The true story of the British explorer Robert Falcon Scott and his ill-fated expedition to try to be the first man to discover the South Pole - only to find that the murderously cold ... See full summary »
A selection of passengers catch the plane from London for an early 1950's weekend in Paris. The Scotsman in his kilt, the elderly lady painter, the international negotiator, and the pretty ... See full summary »
The film begins in a WW II training depot of a British Guards armoured regiment where recruits from many walks of life learn to survive the strict discipline and training together before ... See full summary »
The true story of the British explorer Robert Falcon Scott and his ill-fated expedition to try to be the first man to discover the South Pole - only to find that the murderously cold weather and a rival team of Norwegian explorers conspire against him Written by
Michael Brooke <firstname.lastname@example.org>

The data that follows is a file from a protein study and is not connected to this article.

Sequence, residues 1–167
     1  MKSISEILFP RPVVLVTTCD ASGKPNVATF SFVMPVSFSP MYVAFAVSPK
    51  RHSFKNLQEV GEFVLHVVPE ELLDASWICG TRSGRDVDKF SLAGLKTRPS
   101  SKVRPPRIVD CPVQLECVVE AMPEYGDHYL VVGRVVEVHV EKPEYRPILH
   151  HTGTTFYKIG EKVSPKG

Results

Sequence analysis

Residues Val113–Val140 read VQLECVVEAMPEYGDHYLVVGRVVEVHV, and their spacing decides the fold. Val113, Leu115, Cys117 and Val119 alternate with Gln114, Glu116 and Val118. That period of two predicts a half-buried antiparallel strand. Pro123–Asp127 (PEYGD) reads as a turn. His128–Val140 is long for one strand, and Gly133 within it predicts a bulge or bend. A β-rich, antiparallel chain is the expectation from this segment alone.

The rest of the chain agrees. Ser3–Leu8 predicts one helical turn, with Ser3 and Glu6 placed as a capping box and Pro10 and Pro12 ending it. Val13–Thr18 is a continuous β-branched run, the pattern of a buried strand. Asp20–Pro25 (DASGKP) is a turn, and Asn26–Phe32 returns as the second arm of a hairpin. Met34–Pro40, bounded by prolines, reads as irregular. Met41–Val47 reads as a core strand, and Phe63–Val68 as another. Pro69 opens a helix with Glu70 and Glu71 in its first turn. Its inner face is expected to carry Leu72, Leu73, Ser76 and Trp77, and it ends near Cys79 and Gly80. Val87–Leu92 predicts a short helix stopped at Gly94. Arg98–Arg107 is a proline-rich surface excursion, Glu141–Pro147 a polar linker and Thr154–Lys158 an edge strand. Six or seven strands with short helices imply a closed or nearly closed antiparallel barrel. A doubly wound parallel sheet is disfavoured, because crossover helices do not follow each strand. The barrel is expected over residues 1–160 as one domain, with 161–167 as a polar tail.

OK, we've heard a lot about the "real" history and the debate over whether Scott was a hero or a complete imbecile. Whatever the truth is and whatever revisionist or hagiography history is being peddled, "Scott Of The Antarctic" is a beautifully made film: One of the best looking early colour films which evokes a bye-gone era and is strangely compelling and haunting at the same time. The music by Vaughn-Williams, the greatest British classical composer of his time, is powerful and, again, haunting. In some scenes, they've recreated exactly some of the photos taken during the Scott expedition. The casting is spot on; look at the original photos and Millsy is uncannily like Scott, Kenneth More is Teddy Evans, Reginald Beckwith and James Robertson Justice do their real counterparts well and John Gregson, in one of his first film roles, captures Tom Crean perfectly (compare his performance with Paul McGann's Crean in "Shackleton", which was pretty good). Many film critics feel that "Scott of the Antarctic" was somewhat robbed at the 1949 Oscars.
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